Sudbury man gets much-needed help from Hope Air to treatment for rare type of brain tumour
In November 2015, Stephen started noticing issues with his right hand. When it began to progress, he believed he was having a stroke and was rushed to his local hospital in Sudbury, Ont.
The doctors diagnosed him with stage four glioblastoma multiforme (GBM) and gave Stephen a prognosis of 12 to 18 months to live. Doctors told him and his wife Cathy to spend as much time as possible with their friends and family. It was devastating for them.
By 2016, there was nothing more the Sudbury hospital could do for Stephen. Fortunately, Cathy looked for a solution and found a trial for a drug in Ottawa. There was, however, another barrier. The clinical trial took place in Ottawa. This would mean that Stephen and Cathy would have to make a 12-hour drive from Sudbury to Ottawa and back. Not only this, but they would have to travel regularly for MRIs and check-ups, something they wouldn’t be able to afford.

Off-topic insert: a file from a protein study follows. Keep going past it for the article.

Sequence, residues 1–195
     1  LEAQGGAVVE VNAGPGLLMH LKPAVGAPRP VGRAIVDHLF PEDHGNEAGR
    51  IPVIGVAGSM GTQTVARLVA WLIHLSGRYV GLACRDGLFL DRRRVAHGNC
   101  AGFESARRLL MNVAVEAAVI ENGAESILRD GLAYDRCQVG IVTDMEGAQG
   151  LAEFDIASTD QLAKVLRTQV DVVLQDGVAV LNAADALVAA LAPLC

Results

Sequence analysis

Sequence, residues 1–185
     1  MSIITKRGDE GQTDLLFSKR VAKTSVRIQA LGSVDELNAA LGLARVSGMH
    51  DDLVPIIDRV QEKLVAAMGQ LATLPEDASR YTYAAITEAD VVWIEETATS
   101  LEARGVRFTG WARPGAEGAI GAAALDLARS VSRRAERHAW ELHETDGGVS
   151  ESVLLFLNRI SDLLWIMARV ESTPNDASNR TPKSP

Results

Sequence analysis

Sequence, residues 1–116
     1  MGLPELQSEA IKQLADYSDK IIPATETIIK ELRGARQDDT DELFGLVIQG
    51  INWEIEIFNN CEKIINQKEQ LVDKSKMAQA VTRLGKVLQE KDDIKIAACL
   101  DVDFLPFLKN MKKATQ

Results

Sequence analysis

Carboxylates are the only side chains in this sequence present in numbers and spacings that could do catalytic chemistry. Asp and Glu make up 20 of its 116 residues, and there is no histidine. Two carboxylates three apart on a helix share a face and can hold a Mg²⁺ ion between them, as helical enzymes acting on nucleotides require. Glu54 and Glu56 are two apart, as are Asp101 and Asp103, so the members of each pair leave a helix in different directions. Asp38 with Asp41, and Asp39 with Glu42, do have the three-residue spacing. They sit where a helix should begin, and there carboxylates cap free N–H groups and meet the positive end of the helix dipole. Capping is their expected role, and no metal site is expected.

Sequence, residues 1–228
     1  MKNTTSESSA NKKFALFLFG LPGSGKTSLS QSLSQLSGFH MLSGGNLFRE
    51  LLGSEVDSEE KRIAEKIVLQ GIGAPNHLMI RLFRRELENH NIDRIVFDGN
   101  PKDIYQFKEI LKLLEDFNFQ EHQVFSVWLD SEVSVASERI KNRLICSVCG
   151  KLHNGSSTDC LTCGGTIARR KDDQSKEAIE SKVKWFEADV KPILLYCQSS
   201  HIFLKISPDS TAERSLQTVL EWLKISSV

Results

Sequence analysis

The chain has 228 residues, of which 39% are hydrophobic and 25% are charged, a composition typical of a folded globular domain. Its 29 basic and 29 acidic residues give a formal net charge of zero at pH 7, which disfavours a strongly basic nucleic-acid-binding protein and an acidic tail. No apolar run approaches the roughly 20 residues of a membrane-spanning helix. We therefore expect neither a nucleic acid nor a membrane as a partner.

Because it was a serious illness, Stephen and Cathy decided they had to find a way to do it. After two months of driving back and forth to Ottawa, a friend told Stephen and Cathy about Hope Air and how they provide free flights for people who need to travel to medical treatments.
Stephen and Cathy contacted Hope Air and thanks to their help, they were able to continue to travel to Ottawa and Stephen was able to receive the necessary medical treatment.
“Before we discovered Hope Air, we used to make the 12-hour round trip from Sudbury to Ottawa approximately every three months for MRIs and consultations with doctors and oncologists.”
Hope Air was our saving grace. By flying, it has cut down our travelling time each way by half.
Over the last three years, Stephen has continued to travel to Ottawa frequently for follow-up appointments and check-ups. Despite what he’s gone through, Stephen is currently in good health.
He has nothing but good things to say about Hope Air.
“Hope Air was our saving grace. By flying, it has cut down our travelling time each way by half. With my mobility issues [due to the cancer], it made our journey much more enjoyable.”